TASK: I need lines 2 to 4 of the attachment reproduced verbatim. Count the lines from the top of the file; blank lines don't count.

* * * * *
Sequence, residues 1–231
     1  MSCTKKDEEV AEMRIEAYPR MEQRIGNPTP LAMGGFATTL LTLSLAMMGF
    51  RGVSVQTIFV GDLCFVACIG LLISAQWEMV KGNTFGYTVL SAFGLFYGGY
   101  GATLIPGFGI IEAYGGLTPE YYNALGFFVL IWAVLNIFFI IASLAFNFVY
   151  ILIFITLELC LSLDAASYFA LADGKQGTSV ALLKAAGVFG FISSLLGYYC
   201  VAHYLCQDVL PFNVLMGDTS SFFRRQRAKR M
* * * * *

     1  MSCTKKDEEV AEMRIEAYPR MEQRIGNPTP LAMGGFATTL LTLSLAMMGF
    51  RGVSVQTIFV GDLCFVACIG LLISAQWEMV KGNTFGYTVL SAFGLFYGGY
   101  GATLIPGFGI IEAYGGLTPE YYNALGFFVL IWAVLNIFFI IASLAFNFVY